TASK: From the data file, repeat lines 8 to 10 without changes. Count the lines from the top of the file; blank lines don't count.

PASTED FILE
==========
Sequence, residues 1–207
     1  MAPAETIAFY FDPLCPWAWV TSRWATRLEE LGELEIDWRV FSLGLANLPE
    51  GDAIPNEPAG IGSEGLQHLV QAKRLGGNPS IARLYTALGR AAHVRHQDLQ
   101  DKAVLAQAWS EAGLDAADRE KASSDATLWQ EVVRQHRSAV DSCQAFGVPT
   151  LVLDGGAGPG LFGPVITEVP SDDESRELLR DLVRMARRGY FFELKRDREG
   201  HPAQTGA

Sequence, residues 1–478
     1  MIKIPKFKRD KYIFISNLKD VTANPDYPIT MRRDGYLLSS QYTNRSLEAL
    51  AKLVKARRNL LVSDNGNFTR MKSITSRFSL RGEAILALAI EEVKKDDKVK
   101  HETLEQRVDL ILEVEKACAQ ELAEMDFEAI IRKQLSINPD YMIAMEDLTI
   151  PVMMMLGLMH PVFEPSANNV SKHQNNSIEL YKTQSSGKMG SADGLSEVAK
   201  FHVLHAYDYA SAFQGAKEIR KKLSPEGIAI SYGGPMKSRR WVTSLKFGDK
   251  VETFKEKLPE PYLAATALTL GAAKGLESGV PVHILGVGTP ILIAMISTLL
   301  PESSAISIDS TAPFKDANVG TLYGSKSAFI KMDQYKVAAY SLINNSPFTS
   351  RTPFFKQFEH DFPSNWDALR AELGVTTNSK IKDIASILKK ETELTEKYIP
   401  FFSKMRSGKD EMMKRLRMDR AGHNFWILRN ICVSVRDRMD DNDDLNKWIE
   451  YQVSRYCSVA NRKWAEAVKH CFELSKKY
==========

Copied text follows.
     1  MIKIPKFKRD KYIFISNLKD VTANPDYPIT MRRDGYLLSS QYTNRSLEAL
    51  AKLVKARRNL LVSDNGNFTR MKSITSRFSL RGEAILALAI EEVKKDDKVK
   101  HETLEQRVDL ILEVEKACAQ ELAEMDFEAI IRKQLSINPD YMIAMEDLTI